Transport and care of cattle
Before purchasing cattle you need to ensure that you are prepared for their ongoing care and husbandry. It is important that you can care for the cattle and provide a healthy environment for them to graze.
As an owner or person in charge of cattle, it is important for you to remember that you have an overall responsibility for the care and management of the animals in your care. The following documents should be referred to for further advice regarding your legal responsibilities for the welfare of cattle under your care and supervision:
- The Prevention of Cruelty to Animals Act 1986
- The Code of Accepted Farming Practice for the Welfare of Cattle (Victoria)
- The Australian Animal Welfare Standards and Guidelines- Land Transport of Livestock
The key things to remember are:
- The size and design of the transport vehicle should be compatible with the number of cattle being transported.
- The transport vehicle should be in good repair to ensure cattle arrive at their destination with no injuries and in the shortest possible time.
- The stock crate should be well designed so as to minimise bruising. A well designed stock crate will have a large smooth contact surface without projections on which animals can bruise.
- Pens should be approximately 3 metres in length to provide more support to animals during travel and thus reduce stress and allow them to adapt to transport more readily.
Cattle that need to be transported or penned separately
It is recommended that the following classes be transported or penned separately:
- polled and dehorned cattle
- young calves
- a cow with a suckling calf
- adult bulls
- cattle greatly different in size
- females in advanced stages of pregnancy
Transporting bobby calves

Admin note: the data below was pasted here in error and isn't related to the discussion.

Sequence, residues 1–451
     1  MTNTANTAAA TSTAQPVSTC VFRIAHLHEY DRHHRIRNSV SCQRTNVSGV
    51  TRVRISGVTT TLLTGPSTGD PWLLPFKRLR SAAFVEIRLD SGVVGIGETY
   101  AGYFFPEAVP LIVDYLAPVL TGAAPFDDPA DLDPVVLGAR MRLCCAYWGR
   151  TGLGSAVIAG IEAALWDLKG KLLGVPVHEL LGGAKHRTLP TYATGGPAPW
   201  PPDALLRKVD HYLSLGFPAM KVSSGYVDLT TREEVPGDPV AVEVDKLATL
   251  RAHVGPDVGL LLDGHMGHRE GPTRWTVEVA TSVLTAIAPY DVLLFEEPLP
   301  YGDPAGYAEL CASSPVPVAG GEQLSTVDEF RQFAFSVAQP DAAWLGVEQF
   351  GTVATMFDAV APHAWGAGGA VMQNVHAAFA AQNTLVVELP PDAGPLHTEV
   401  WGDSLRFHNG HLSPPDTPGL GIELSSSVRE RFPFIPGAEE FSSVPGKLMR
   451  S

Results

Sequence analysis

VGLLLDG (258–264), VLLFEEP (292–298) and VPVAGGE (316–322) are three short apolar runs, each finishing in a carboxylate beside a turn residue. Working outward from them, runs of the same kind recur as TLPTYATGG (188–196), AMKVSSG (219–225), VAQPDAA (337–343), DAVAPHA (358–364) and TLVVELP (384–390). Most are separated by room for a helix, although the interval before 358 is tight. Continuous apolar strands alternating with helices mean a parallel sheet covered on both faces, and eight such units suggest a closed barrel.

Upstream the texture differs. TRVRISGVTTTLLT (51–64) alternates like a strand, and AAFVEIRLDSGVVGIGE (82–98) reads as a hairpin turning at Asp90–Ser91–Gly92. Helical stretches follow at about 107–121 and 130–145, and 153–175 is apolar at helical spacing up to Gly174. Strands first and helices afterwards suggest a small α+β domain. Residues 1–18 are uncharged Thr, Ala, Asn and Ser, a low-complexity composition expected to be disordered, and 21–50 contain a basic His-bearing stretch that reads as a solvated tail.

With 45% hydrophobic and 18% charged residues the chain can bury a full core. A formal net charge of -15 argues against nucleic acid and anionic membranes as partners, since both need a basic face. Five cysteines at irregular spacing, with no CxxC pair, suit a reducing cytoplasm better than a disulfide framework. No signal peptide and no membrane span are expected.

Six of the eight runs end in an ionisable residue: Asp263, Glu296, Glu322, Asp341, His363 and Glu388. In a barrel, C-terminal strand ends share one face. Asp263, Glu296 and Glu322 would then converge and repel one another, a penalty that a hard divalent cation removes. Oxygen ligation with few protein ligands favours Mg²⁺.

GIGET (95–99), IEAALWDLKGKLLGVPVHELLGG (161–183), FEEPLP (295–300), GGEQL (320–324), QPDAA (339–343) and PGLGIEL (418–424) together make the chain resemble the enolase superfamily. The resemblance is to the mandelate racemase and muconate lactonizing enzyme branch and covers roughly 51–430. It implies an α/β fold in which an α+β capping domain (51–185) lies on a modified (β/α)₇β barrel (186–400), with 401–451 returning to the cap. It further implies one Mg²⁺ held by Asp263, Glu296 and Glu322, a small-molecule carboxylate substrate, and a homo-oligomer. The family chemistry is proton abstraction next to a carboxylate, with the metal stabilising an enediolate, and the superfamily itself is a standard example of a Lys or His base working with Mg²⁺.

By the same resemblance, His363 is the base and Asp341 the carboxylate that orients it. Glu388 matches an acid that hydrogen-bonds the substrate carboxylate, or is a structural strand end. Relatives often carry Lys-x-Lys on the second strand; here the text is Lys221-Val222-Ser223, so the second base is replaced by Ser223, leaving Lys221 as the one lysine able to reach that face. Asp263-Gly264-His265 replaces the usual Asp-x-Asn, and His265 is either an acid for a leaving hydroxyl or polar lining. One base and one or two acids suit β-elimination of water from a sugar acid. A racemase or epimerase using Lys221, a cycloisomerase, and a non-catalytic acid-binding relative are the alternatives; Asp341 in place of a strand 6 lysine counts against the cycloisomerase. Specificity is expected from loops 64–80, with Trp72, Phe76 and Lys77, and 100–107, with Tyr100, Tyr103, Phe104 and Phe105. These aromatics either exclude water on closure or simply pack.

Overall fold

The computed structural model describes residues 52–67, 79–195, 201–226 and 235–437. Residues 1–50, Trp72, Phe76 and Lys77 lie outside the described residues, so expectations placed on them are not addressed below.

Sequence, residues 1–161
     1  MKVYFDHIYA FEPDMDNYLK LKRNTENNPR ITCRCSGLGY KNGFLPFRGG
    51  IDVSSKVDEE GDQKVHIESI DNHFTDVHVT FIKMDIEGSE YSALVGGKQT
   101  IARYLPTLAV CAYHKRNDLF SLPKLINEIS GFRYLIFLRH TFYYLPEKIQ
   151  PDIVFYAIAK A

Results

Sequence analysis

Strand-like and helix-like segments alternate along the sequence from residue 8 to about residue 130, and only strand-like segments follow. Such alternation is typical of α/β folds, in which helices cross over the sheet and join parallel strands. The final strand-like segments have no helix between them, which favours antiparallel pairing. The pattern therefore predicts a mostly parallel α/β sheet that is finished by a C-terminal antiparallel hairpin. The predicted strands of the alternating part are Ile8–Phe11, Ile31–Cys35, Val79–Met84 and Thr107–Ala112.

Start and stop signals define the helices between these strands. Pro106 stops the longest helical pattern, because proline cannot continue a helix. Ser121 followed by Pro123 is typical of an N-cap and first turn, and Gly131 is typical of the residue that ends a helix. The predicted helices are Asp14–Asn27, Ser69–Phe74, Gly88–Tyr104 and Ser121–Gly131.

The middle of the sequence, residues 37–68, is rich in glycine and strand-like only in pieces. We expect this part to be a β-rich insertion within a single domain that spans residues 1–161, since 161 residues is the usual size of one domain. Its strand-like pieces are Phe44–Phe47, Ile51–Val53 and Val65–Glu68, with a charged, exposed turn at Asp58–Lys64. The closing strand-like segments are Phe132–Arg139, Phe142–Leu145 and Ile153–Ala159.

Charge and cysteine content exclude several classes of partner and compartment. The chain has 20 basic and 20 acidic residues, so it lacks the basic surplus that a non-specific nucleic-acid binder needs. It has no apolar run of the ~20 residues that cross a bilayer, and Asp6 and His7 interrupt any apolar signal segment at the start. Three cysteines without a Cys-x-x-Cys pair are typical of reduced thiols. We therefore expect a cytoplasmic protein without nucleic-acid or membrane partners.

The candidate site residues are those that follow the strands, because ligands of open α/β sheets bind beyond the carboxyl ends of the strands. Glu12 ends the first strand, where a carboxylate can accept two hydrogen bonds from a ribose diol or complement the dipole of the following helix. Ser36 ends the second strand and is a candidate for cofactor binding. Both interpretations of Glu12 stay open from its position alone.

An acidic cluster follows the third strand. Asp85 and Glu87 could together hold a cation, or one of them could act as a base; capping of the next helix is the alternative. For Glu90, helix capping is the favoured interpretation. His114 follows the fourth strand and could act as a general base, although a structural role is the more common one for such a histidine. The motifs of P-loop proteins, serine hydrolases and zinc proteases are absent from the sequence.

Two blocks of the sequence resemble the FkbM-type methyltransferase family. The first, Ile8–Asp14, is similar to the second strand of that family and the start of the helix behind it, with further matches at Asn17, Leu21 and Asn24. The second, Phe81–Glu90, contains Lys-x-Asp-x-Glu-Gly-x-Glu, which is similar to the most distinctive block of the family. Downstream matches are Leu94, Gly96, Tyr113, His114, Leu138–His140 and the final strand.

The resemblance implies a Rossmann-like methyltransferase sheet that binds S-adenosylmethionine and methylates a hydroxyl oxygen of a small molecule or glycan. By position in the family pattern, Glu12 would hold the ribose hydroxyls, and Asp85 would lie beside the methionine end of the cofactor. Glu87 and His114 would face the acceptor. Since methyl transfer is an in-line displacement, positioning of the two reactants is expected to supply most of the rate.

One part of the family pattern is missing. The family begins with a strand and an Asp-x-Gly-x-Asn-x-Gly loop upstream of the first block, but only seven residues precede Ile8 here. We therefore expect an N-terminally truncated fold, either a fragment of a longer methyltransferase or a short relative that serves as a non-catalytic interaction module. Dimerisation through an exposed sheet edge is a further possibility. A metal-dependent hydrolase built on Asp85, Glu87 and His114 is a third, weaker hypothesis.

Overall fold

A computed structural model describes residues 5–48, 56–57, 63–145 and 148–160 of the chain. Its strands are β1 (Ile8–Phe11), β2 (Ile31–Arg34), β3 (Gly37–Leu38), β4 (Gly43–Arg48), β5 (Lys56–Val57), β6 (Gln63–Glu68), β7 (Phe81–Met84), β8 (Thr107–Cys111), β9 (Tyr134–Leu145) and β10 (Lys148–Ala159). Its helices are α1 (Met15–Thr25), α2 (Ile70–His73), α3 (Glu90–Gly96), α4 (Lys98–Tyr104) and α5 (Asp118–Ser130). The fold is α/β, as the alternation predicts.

Special requirements for transporting bobby calves:
- A livestock transport trailer or truck is the preferred method.
- Transportation must protect calves from the cold and heat.
- All bobby calves must be fed on the farm within 6 hours of transportation for sale.
- Where possible bobby calves should be transported by the shortest route.
- Transport operators should check calves en route at least once every three hours.
- Bobby calves should be loaded at a density so as to allow all calves to lie down while being transported.
- Bobby calves shall be transported in separate compartments from other classes of stock.
You must not:
- transport calves in a car boot, sealed container or anything that restricts airflow
- tie the legs of the calves in order to restrain them
- overload the transport vehicle — you may need to make two trips or find a bigger transport vehicle.
Speak to your stock agent if transport is required for your new purchase.
Caring for your cattle after transportation
It is important to make sure you have adequate facilities to unload the cattle when you get them back to your property. A set of yards or a small paddock to confine the cattle for the first couple of days is essential.
Holding the cattle in a small paddock or set of yards for the first couple of days will help to settle and calm them. It may also help prevent the spread of weeds and disease to your property. This initial step is important for the biosecurity of your property.
Feed and water requirements on arrival
The holding paddock or yard must have a supply of water that is accessible to all animals. It would also be a good place to introduce your cattle to some hay, in order to settle them after the transport.
When you finally introduce your cattle to the larger paddock, it is best to continue giving hay for at least the first two days, so that their rumen (stomach) has time to adjust gradually to the pasture feed. It is a legal requirement to ensure that cattle are provided with proper and sufficient food, drink and shelter.
Health assessment after transportation
While the cattle are being held in the yards or small paddock use the opportunity to assess them — before you put them out on your paddocks. The most important things to look for are:
- any injuries that might have occurred during transport
- ny signs of ill health
- lameness or uneven gait
- making sure any calves are feeding on their mothers
It is a legal requirement to provide any sick or injured cattle with prompt veterinary or other appropriate attention or treatment.
For more information about the welfare of cattle please consult your private veterinarian or local Animal Health staff via our Customer Service Centre on 136 186.